Aerosolized Non-viral Nucleic Acid Delivery in the Vaginal Tract of Pigs
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- Remaut, K., De Clercq, E., Andries, O. et al. Pharm Res (2016) 33: 384. doi:10.1007/s11095-015-1796-x
The human pathogen Chlamydia trachomatis is worldwide the leading cause of bacterial sexually transmitted disease. Nasal or vaginal nucleic acid vaccination is a promising strategy for controlling genital Chlamydia trachomatis infections. Since naked nucleic acids are generally not efficiently taken up by cells, they are often complexed with carriers that facilitate their intracellular delivery.
In the current study, we screened a variety of commonly used non-viral gene delivery carriers for their ability to transfect newborn pig tracheal cells. The effect of aerosolization on the physicochemical properties and transfection efficiency of the complexes was also evaluated in vitro. Subsequently, a pilot experiment was performed in which the selected complexes were aerosolized in the vaginal tract of pigs.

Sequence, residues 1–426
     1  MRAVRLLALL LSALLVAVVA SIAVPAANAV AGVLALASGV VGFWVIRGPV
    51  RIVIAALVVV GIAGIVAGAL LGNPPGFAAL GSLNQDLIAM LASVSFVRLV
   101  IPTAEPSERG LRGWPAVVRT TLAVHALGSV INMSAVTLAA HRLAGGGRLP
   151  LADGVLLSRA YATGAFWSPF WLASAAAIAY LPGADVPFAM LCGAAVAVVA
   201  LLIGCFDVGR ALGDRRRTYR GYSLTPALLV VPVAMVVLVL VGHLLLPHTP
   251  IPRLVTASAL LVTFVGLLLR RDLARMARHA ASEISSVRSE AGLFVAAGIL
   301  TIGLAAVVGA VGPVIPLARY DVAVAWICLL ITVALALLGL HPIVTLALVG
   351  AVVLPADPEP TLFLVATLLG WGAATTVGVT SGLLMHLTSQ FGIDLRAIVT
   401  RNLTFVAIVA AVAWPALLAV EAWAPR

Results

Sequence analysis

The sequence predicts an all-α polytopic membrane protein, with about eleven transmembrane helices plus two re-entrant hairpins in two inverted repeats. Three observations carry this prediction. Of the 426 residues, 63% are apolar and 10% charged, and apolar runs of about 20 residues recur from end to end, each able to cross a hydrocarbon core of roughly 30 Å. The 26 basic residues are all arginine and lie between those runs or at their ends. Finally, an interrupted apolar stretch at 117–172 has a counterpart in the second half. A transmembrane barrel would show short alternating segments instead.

Both mRNA and pDNA containing lipofectamine and ADM70 complexes showed promise for protein expression in vitro, before and after aerosolization. In vivo, only lipofectamine/pDNA complexes resulted in high protein expression levels 24 h following aerosolization. This correlates to the unexpected observation that the presence of vaginal mucus increases the efficiency of lipofectamine/pDNA complexes 3-fold, while the efficiency of lipofectamine/mRNA complexes and ADM70/mRNA and ADM70/pDNA complexes decreased.
As aerosolization was an easy and effective method to deliver complexes to the vaginal tract of pigs, we believe this application technique has future potential for both vaginal and perhaps nasal vaccination using non-viral gene delivery vectors.
Key wordsplasmid DNAmRNAaerosolizationvaginal administrationnon-viral gene delivery complexes
Dynamic light scattering
Dulbecco’s modified Eagle’s medium
Fetal calf serum
Green fluorescent protein
Genzyme lipid 67
3-(4,5-dimethylthiazole-2yl)-2,5-diphenyl tetrazolium bromide
Newborn pig tracheal
Regions of interest